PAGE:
Say it out loud. “Print out the food you want – anytime”. And try not laughing your head off. Taking technology to the next level seems like a gross understatement here.
Food printers, a technology derived from three-dimensional printing first invented at MIT in the 1980s, could ultimately allow consumers to print food at home. Imagine being able to print anything you wanted to eat, anytime you wanted to eat it.
The 3D printer was first invented with the purpose of creating models. Nike, for example, uses 3D printing to examine prototypes of new shoes before going through with manufacturing. The use of 3D printers for model-making by architectural firms is of course now a well-known application.
This printer operates like a regular printer, only, instead of printing ink, other materials can be loaded and the printer is able to produce outputs/products accordingly.
Most of the research currently being carried out on 3D food printing is at the Cornell University by Prof. Hod Lipson and Ph.D student Jeffery Lipton of the Cornell Computational Synthesis Lab.
While a standard 3D printer commonly works with plastics, metal and ceramics, and currently costs around $250,000, the food printer in specific has attracted attention because of its many possibilities. “The idea is to unleash creativity,” noted Prof. Lipson, who used the example of dead spaces in wedding cakes as a place to innovate.
While it started as a side project, the food printer has opened up a new design space of things you can do. “Food really captures people’s imagination … The sky is the limit in terms of what you can do … we can really imagine a future where you can download recipes, you upload your cartridges, you print enter, and the printer makes it for you.”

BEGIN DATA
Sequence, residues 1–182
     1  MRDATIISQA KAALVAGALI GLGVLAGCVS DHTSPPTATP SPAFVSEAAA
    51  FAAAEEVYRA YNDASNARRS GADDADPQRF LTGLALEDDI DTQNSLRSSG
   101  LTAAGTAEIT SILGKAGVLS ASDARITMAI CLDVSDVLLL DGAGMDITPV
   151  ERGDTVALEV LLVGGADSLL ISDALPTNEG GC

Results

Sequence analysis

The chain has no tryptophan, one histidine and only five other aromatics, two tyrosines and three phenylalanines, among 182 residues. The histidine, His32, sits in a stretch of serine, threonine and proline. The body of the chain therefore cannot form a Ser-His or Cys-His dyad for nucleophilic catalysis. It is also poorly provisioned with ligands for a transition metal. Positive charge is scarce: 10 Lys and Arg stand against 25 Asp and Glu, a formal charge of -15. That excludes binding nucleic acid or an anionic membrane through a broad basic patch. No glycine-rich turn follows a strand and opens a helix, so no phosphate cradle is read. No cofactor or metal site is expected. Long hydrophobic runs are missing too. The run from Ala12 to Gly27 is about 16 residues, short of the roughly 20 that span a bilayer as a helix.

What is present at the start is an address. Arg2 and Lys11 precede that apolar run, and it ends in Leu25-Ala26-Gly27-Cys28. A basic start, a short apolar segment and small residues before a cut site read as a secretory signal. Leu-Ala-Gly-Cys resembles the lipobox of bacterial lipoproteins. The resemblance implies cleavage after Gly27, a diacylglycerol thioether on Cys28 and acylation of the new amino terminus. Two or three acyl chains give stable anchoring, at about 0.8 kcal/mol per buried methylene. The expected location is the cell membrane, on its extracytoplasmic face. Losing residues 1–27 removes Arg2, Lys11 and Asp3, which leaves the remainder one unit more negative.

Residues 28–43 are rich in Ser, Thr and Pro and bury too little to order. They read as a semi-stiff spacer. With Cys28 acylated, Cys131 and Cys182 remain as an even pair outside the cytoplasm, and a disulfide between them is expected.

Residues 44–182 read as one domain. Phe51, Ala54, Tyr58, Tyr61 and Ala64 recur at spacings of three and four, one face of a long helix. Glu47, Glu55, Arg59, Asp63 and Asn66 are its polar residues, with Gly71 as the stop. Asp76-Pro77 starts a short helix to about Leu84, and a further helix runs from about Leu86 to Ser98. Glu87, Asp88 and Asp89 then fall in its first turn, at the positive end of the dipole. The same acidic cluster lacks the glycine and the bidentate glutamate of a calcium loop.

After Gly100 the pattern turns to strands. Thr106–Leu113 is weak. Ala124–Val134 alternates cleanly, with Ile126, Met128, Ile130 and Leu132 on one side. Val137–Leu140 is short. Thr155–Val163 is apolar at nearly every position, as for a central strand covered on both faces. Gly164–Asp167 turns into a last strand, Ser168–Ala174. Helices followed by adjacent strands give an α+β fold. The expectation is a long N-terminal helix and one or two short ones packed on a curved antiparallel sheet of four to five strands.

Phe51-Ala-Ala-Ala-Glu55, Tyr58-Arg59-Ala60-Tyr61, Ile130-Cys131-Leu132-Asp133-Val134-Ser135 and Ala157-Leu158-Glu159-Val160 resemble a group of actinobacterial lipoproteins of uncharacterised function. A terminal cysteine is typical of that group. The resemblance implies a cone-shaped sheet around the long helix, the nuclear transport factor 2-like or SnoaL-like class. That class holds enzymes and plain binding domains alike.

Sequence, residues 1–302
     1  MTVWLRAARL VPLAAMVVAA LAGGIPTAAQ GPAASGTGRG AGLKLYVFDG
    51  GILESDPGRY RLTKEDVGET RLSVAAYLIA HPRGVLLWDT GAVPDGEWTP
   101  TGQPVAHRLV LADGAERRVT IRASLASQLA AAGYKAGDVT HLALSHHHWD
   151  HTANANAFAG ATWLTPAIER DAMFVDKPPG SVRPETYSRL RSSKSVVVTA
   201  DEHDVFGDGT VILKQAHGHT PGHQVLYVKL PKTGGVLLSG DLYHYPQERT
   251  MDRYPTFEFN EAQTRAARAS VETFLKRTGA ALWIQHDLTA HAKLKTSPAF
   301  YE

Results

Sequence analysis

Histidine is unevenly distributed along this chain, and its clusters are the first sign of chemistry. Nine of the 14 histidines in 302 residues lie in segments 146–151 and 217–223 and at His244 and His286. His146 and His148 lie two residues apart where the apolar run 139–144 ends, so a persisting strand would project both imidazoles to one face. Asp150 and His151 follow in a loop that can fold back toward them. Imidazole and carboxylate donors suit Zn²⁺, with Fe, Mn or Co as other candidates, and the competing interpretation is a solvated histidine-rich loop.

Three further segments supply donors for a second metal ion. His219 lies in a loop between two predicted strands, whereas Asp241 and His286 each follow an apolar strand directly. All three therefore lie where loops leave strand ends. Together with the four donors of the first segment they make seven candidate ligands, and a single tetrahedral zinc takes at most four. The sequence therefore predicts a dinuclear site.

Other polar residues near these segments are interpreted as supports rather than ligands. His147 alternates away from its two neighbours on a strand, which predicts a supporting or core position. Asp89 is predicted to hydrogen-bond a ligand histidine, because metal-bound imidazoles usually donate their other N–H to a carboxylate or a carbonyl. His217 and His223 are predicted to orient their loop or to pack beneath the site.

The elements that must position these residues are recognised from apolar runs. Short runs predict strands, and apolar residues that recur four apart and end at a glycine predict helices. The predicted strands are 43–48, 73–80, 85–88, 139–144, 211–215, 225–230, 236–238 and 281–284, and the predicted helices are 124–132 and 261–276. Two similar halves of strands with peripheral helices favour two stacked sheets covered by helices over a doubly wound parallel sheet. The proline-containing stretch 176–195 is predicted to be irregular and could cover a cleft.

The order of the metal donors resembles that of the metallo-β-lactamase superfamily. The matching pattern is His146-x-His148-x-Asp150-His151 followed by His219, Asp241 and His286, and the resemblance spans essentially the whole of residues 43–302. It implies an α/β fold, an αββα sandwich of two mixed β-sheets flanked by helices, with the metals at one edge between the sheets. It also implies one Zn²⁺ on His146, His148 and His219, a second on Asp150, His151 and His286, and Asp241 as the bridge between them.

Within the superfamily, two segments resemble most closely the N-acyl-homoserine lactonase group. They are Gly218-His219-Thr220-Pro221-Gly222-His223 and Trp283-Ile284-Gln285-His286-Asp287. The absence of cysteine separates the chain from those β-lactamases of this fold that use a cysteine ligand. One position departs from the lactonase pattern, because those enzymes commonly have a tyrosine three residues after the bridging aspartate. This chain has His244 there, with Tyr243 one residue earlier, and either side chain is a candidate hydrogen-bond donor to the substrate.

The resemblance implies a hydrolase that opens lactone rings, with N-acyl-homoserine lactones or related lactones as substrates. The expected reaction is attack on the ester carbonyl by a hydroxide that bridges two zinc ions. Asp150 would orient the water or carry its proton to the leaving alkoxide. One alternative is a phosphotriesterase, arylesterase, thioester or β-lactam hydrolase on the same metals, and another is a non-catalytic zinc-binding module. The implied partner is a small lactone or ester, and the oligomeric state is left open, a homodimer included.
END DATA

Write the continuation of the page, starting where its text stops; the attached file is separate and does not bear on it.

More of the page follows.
“It’s really the future of manufacturing,” said Lipson. “You can print on demand what you need.”
Future Plug-In Masterchef
Lipson noted three key areas where 3D printing takes off. It allows for mass customization, on-demand production, and geometric complexity.
In the 1970s, nobody could figure out what the “killer application” of computers would be. Lipson and Lipton agreed that technology really takes off when it is ubiquitous, and innovates beyond constraints. Food printers eliminate waste and allow people to receive immediate gratification. It also allows “people to inject skill in the process,” and can turn an ordinary dinner into a gourmet meal.
“We know at some point you would have a food printer in your home, just like in the 70s we knew you’d have a PC. Videogames did that - food is that gateway for us,” said Lipton.
While food is naturally complex, it can be designed even more intricately on a macro level.
The current limitation of the printer is the requirement that any ingredient must be made into a puréed paste. This could turn heads on conventional food, with chefs being able to toy with texture, molecular gastronomy, color, etc. Looking at this aspect positively, “This is a way of making new things you cannot make any other way,” added Lipson.
Lipson and Lipton expect pastry and baked good printers to be available in two to three years and for personal printers to be available in five to10 years.
Food printing is not a means of helping with hunger or food allocation problems, but a way of changing food production as we know it.
What’s better? All the weaknesses of 3D printing become strengths with food printing; high resolution is not necessary since the focus is on crafting art and refining taste. Do we see graphic designers wincing in envy?